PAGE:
Yak

The yak is a herd animal found in the mountainous regions of central Asia. The yak tend to gather in herds from 10 yaks to 100 yaks, most of which are female. There are only a few male yaks per herd.

Although there is a large domestic population of yak, there are only a few wild yak remaining . The yak is still used in many parts of central Asia, for pulling heavy farm machines and transporting large loads through the mountain passes.

The average male yak can grow to about 2meters tall, with the female yak being about 1/3 the size of the male yak. All yak have very long hair to keep them warm.

The yak belongs to the same cow family as the Asian water buffalo, the African buffalo and the American bison. However, the yak is slightly more like the American bison in appearance as both the yak and the bison have long hair in order to withstand the colder climates, the bison of the North American winters and the yak of the mid-Asian mountains.

The yak breeds in the warmer months of September and after a gestation period of nine months the female yak gives birth to a single yak calf. A female yak will occasionally give birth to twins but it is very rare. Some female yak give birth to a calf almost every year but it depends on the environment in which the yak lives and the yak individual. Yak babies are completely independent by the time that they are a year old and they are fully grown when they are between 7 and 8 years old. The average lifespan of a yak is about 20 years in the wild and slightly longer when in captivity.

Like other species of cow, the yak is a herbivore and spends a great deal of time on grassy plains in the mountains grazing on grasses, herbs and wild flowers. In a similar way to other cow species the yak has more than one stomach which the yak uses to successfully get all of the nutrients out of the plants that it eats.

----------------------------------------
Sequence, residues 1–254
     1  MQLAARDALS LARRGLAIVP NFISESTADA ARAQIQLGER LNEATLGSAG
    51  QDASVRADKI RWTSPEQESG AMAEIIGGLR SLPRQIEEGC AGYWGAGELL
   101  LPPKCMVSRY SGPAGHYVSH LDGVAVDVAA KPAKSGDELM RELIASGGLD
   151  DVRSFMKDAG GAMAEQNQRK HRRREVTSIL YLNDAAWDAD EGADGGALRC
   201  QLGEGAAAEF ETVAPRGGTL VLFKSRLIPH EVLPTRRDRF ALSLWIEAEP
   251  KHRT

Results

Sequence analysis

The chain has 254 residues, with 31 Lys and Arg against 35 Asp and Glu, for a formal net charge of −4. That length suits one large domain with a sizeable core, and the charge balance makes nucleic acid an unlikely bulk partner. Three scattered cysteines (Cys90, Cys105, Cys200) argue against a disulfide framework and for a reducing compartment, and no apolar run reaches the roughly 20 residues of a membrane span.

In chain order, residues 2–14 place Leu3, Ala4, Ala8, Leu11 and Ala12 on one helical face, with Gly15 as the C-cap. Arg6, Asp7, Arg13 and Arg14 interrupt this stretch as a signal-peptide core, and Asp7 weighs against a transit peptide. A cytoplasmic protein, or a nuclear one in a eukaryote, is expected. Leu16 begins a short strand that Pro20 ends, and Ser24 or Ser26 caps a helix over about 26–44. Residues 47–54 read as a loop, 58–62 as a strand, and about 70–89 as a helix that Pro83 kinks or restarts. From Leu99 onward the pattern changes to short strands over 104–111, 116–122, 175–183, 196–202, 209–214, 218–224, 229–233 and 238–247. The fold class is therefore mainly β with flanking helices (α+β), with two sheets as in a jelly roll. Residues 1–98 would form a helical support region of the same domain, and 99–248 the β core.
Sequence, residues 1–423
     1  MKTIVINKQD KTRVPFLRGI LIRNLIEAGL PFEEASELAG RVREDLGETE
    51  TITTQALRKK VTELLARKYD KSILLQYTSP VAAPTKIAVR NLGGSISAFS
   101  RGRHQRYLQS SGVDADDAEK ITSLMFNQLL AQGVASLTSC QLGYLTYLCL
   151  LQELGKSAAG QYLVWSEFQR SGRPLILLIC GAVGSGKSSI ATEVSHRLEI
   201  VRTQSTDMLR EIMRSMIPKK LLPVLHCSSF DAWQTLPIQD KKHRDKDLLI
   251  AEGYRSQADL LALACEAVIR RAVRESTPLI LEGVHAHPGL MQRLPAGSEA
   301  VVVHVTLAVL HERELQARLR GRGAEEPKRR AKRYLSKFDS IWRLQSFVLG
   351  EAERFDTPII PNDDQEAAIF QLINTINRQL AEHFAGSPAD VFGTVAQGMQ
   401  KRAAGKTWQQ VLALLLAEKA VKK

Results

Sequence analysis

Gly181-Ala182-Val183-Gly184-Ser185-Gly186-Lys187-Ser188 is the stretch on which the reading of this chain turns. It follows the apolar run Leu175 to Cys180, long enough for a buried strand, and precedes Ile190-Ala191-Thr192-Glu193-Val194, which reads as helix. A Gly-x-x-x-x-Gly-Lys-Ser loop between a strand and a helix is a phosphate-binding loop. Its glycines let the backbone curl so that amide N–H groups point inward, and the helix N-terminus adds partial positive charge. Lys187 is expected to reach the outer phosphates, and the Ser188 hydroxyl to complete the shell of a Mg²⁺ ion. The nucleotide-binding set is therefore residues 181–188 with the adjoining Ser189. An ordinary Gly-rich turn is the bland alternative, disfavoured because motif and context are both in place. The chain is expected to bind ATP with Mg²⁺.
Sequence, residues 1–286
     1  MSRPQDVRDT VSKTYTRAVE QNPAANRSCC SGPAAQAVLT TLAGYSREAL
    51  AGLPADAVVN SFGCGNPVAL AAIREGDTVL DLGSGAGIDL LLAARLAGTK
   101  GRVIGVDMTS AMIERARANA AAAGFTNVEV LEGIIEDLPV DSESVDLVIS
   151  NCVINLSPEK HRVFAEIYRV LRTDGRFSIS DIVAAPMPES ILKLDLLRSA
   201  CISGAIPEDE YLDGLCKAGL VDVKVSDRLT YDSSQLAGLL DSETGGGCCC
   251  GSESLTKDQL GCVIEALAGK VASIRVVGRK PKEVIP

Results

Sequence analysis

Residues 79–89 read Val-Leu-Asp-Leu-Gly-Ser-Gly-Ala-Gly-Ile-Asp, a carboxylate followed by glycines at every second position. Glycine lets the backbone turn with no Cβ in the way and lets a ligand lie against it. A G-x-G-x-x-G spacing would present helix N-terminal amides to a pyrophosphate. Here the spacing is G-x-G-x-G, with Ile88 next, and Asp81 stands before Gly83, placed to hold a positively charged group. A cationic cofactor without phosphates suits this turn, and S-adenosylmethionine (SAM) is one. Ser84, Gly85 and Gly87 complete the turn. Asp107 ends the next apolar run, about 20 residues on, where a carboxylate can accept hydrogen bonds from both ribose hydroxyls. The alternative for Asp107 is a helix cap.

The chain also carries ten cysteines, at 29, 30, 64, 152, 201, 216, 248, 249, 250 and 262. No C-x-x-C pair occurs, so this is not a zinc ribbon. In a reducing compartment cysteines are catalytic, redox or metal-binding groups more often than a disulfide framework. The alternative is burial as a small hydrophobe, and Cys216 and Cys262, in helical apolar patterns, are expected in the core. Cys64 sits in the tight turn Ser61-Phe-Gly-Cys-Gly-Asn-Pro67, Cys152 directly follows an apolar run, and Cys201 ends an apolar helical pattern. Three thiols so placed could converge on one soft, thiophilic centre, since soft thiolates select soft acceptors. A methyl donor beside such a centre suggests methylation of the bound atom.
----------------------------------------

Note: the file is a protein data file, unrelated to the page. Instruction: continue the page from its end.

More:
The yak has firm, dense horns which the yak uses to break through snow in order to get the plants that are buried beneath it and the yak will also use it’s horns in defence. They have long shaggy hairthat covers their bodies that keep them warm and dry.

Yak is probably a vanishing species, though it occurs in regions so remote and politically inaccessible that no reliable surveys have been carried out in recent times. In the subcontinent, they only survive in small numbers in the Changchenmo valley in northern Ladakh but their total range extends across Tibet into Kansu province of China. The wild Yak (Bos grunniens) is blackish brown all over, with perhaps a little white around the muzzle. An adult bull stands one hundred and seventy centimetres at the shoulder and many weigh up to five hundred and forty five kilograms. As in all the wild oxen, both sexes bear horns and those of the bull yak are smooth cylinders sweeping up like handlebars and measuring up to seventy five centimetres in length. Their appearance is made more massive by the fact that their chest, shoulders and flanks are fringed by long hair hanging almost to the ground. Their tails are likewise covered in a thick and busty tuft and this appendage is often used as a fly-whisk and badge of state by high dignitaries in the lamaseries.

Yaks have been domesticated since time immemorial and are widely used as pack animals in the northernmost reaches, from Chitral in the west through Ladakh, to Nepal and Sikkim in the east. There are solely hybrid forms with domestic cattle locally called zho. Domestic yak are almost indistinguishable from wild yak except that they frequently are picbald and even dun-coloured, with less massive horns, whilst the zho are considerably smaller.

Amongst all the bovines this animal is perhaps best adapted not only to extreme cold but also to desert conditions. Yak can subsist on the scattered clumps of Astragalus and other thorny cushion plants and eat snow when water is unavailable. Unlike the domesticated oxen and buffaloes of the plains their faeces are voided in small rounded pellets with a very high dry content, resembling closely those of a camel.

The voice of Yak is a deep grunt from which its scientific name is derived. Domesticated yaks are normally found at altitudes from four thousand two hundred and seventy up to six thousand one hundred metres and wild yak have seldom been observed below five thousand metres. They are gregarious, living in small herds, and in the wild are shy and wary beasts relying on an acutely developed sense of smell rather than keen eyesight to detect danger. The rutting season is late autumn, with calves being produced in the month of April after a nine month gestation period. Domesticated yak have a habit of grinding their teeth audibly, a trait probably connected with the fact that they generally infested with intestinal tapeworms.